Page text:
For , , where . Thus to estimate the space required by
. Thus to estimate the space required by, it is enough to estimate .
 For any vertex and edge not incident to in a planar grid drawing of , .
For each , let be equal to where is an integral constant. The distance between any two distinct vertices in is at least .
Let fix vertex and . Denote by the height in the triangle from the vertex , is the distance from to the line that contains the edge by its definition. Let be the area of triangle .
On the other hand from the Pick’s theorem we know, that the area of the triangle with vertices lying in the lattice points of the grid is at least .
For any pair of distinct vertices , either or is at least since all vertices has integer coordinates in . This implies that, for each pair of distinct vertices , either or is at least since each coordinate of each vertex in is multiplied by to obtain . ∎
of a tree is a decomposition of its edges into a set of disjoint paths as follows. Choose a path in and store it in . Removal of this path may disconnected the tree; recurse on the remaining connected components. In the end, contains disjoint paths whose union is . The way of choosing path may differ. The depth of a vertex in , denoted by , is defined as the length of the path from to . Head of the path , denotes as , is the vertex with the minimum depth in tree . Let internal vertices of the path be all vertices except . Any path decomposition of induces a linear order of the paths: path succeeds , i.e., , if and only if is deleted before during the construction of . Note that the subtree of each internal vertex of a path is a subset of the union of the paths that precede .
In the long-path decomposition , the path chosen in every iteration is the longest root-to-leaf path (ties are broken arbitrarily). Let be the ordered set of paths of a long-path decomposition of . For , .
Heavy-rooted-pathwidth decomposition . The Strahler number or Horton-Strahler number of a tree is a parameter which was introduced by Horton and Strahler [17, 19, 20]. The same parameter was recently rediscovered by Biedl  with the name of rooted pathwidth when addressing the problem of computing upward tree drawings with optimal width.
The rooted pathwidth of a tree , which we denote by , is defined as follows. If , then . Otherwise, let be the maximum rooted pathwidth of any subtree rooted at a child of . Then if exactly one subtree rooted at a child of has rooted pathwidth equal to , and if more than one subtree rooted at a child of has rooted pathwidth equal to ; see Figure (a)a. Clearly is an integer number.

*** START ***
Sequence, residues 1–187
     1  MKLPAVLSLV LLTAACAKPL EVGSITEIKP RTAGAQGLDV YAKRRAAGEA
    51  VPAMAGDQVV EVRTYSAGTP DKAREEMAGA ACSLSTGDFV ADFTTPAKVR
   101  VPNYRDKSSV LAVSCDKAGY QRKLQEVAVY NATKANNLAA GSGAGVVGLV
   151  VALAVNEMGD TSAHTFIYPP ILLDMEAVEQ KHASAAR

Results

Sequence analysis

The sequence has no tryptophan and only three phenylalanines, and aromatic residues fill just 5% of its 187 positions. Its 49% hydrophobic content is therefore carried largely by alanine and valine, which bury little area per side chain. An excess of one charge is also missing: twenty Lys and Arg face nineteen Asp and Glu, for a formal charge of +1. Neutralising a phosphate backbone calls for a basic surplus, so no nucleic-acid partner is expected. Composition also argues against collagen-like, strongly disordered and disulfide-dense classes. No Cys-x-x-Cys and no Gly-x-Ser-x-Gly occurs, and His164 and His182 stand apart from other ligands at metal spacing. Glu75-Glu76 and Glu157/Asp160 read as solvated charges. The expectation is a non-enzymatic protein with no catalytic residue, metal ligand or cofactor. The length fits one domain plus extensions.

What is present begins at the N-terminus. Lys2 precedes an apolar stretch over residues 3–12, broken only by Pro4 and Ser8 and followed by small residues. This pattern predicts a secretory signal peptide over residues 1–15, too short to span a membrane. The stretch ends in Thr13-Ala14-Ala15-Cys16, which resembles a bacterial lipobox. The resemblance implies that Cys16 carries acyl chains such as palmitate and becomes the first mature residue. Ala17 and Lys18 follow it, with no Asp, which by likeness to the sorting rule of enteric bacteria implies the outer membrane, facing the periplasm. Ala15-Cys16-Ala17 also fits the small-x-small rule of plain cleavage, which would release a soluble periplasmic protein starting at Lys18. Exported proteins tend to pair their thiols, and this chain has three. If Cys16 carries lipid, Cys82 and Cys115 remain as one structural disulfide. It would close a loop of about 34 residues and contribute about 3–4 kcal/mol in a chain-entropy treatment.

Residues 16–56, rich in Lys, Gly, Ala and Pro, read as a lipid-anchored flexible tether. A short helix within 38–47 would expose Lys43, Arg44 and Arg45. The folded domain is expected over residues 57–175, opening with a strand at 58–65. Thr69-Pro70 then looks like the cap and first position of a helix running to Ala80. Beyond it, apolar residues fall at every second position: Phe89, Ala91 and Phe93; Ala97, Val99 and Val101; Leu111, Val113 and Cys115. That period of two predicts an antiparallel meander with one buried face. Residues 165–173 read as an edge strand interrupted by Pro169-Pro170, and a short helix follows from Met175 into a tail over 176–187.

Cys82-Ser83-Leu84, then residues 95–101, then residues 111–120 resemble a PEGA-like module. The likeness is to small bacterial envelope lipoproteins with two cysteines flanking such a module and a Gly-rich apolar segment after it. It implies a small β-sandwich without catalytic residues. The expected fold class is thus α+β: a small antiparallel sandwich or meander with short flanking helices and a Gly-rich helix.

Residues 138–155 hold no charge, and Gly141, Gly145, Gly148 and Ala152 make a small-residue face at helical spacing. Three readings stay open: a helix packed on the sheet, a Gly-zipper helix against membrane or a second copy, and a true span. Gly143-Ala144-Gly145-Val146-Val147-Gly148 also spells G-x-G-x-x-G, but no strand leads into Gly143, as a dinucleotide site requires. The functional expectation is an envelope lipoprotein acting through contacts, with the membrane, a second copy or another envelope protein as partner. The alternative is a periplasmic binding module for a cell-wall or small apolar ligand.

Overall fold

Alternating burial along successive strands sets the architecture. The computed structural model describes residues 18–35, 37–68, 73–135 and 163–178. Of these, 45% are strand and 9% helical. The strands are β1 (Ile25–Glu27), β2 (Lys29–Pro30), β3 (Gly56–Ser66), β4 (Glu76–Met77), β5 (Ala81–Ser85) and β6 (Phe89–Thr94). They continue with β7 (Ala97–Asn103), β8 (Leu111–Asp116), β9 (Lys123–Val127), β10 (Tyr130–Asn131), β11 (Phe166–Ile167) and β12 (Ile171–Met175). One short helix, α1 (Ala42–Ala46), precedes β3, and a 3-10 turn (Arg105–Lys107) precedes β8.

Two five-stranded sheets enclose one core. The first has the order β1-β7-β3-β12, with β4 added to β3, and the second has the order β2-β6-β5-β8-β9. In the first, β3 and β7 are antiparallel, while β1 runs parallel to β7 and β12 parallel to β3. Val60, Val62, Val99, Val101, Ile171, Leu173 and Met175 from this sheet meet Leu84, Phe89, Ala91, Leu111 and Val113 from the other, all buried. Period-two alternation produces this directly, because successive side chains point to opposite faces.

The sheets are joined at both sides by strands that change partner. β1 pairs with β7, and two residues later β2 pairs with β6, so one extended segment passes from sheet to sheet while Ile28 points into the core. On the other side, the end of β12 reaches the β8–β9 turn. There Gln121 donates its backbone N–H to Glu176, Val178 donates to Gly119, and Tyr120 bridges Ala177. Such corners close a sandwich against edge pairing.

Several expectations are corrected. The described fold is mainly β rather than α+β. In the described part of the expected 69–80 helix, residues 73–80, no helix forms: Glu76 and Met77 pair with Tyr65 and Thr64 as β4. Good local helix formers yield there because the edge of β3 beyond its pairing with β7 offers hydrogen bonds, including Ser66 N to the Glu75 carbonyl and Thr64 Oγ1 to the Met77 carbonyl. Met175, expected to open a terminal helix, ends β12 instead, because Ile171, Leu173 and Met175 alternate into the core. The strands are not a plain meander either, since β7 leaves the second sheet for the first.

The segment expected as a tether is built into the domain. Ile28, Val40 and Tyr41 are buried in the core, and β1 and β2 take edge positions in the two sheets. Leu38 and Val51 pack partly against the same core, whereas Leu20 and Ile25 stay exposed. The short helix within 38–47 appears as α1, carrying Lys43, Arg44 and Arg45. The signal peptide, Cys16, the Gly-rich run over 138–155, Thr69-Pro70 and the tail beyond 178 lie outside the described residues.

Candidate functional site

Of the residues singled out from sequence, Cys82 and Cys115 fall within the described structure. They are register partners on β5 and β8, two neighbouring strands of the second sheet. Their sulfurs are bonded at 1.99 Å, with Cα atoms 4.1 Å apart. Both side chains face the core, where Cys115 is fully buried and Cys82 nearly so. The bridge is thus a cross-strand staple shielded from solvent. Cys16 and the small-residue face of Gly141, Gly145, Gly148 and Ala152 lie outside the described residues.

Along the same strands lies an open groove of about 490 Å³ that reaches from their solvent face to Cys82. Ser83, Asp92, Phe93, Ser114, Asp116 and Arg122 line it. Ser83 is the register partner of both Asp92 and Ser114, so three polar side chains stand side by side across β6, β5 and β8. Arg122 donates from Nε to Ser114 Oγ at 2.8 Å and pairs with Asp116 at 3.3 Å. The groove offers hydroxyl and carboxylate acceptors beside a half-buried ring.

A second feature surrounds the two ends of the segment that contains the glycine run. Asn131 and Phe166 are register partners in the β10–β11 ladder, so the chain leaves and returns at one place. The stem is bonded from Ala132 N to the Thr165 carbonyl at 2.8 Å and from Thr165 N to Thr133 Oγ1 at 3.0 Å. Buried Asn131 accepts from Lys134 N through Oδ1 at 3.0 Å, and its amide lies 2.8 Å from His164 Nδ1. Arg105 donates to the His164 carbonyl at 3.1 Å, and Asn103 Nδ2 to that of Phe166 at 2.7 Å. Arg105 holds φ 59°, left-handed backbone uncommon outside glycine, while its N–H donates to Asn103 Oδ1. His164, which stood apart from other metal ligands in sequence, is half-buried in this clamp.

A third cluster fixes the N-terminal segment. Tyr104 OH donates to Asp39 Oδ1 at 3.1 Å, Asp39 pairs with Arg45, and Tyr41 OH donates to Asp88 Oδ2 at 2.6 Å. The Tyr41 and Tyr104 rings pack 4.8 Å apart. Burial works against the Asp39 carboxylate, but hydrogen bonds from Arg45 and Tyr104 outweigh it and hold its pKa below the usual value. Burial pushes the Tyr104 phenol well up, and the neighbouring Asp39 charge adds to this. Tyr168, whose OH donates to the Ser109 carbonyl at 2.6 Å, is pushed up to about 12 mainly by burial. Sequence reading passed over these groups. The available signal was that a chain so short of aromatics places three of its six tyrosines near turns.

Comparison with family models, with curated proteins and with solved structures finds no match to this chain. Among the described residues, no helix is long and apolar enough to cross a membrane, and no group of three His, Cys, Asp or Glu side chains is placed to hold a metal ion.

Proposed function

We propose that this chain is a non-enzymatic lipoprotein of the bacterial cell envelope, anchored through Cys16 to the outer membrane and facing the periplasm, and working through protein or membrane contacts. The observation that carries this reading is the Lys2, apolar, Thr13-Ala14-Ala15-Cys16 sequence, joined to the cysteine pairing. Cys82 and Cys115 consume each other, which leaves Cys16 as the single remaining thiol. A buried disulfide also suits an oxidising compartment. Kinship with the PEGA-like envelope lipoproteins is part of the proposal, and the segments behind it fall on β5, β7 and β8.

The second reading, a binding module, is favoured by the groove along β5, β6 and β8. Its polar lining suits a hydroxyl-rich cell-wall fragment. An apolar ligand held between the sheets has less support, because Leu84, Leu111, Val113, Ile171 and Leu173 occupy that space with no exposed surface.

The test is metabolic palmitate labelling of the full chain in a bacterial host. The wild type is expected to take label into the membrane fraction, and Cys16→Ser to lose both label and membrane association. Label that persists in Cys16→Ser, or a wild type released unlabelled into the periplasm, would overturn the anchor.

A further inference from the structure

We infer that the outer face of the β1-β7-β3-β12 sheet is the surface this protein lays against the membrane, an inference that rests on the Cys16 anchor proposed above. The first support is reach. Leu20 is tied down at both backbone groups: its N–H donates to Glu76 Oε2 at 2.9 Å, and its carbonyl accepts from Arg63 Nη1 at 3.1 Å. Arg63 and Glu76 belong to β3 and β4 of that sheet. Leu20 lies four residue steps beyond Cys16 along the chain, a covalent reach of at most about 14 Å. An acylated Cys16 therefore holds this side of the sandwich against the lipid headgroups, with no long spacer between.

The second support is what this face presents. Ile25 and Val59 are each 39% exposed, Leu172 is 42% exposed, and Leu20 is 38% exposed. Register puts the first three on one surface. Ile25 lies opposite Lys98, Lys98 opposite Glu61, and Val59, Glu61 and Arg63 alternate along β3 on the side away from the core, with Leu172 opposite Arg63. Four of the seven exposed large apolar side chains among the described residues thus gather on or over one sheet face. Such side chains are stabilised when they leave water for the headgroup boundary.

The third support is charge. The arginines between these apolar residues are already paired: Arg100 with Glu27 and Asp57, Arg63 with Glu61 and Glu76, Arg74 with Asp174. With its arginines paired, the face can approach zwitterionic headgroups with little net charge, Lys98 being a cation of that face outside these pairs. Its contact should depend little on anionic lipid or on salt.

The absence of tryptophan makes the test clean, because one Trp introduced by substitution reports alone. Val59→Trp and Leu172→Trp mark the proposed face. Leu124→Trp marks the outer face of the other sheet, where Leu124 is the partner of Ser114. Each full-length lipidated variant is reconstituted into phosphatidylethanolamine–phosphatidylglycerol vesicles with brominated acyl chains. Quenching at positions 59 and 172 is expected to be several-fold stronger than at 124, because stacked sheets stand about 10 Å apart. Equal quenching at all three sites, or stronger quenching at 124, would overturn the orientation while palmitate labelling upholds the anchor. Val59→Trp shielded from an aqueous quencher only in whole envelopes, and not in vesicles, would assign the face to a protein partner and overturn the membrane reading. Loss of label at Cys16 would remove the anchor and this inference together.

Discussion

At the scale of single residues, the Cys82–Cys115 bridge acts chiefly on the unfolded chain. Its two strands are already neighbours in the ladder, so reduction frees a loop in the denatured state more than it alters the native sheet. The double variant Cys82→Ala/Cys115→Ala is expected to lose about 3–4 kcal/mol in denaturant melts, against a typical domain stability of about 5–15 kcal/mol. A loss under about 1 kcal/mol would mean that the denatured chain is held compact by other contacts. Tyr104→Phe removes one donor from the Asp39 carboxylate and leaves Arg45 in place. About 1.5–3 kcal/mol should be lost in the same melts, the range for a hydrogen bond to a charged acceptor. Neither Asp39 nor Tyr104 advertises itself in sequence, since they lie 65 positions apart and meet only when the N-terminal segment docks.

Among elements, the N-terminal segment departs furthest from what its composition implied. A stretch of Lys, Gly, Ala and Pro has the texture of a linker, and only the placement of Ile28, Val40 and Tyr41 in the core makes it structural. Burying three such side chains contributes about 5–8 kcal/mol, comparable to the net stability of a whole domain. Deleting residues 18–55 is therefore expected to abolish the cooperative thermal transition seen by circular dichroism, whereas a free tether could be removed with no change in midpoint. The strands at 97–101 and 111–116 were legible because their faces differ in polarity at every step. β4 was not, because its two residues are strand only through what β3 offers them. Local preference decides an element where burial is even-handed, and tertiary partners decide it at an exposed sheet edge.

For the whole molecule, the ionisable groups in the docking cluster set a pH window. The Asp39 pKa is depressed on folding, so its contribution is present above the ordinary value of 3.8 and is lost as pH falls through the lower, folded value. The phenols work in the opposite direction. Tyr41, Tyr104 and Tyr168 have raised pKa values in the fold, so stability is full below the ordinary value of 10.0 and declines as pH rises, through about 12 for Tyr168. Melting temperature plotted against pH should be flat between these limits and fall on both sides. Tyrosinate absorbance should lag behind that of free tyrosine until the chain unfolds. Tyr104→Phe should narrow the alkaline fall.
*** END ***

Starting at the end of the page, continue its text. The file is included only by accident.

The heavy-rooted-pathwidth decomposition of a tree is defined as follows refer to Figure (b)b. For each non-leaf vertex of , let be the child of in such that is maximum (ties are broken arbitrarily). Then is a heavy edge; further, each child of is a light child of , and the edge is a light edge. Connected components of heavy edges form set of paths , called heavy paths, which may have many incident light edges. The path tree of is a tree whose vertices correspond to heavy paths in ; see Fig. (c)c. The parent of a heavy path in the path tree is the heavy path that contains the parent of the vertex with minimum depth in . The root of the path tree is the heavy path containing .
For convenience, we will also consider the light edge immediately above a heavy path to be a part of the path. When it is clear from the context we will refer to simply as .
We denote by the root of the path tree of ; let be the ordered sequence of the vertices of , where . For , we let be the light children of in any order. Let be the sequence of the light children of ordered so that: (i) any light child of a vertex precedes any light child of a vertex , if ; and (ii) the light child of a vertex precedes the light child of . For a vertex , we denote by its parent; note that . It is known  that the height of the path tree of an -vertex tree is at most .
Fig. (a)a shows the heavy-rooted-pathwidth decomposition of our running example where heavy paths are shown in different colors.
Canonical 3D drawing of a tree , introduced in , is the crossing-free straight-line 3D drawing of that maps each vertex of to its canonical position defined from heavy-rooted pathwidth decomposition.
The canonical drawing of a tree , denoted by , is defined as follows:
First, we set for the root of .
Second, for each , we set , where is the -coordinate of .
Third, for each and for each , we determine as follows. If , then we set , where is the -coordinate of ; otherwise, we set , where is the -coordinate of .
Finally, in order to determine the canonical positions of the vertices in , for each and each , we recursively construct the canonical 3D drawing of
, and translate all the vertices by the same vector so thatis sent to .
We use the fact that lies in the positive quarter-plane, inside a bounding box of height and width such that the left-bottom point of the box represents the image of the root and is mapped to the origin. Since tree never changes throughout our algorithm, we refer as .
For any vertex of , the relative canonical drawing of is the drawing of obtained by cropping and translating the obtained drawing of so that is mapped to the origin.
Let and be two planar straight-line drawings of . Then a morph is a sequence of 3D straight-line drawings of such that , and is a linear morph, for each .
3 Tools for morphing algorithms
Stretching with a constant .
Let the drawing be lying in the plane. During stretching morph each coordinate of each vertex in is multiplied by a common positive integer constant . Thereby, it is a linear morph that ”stretches” the vertices apart.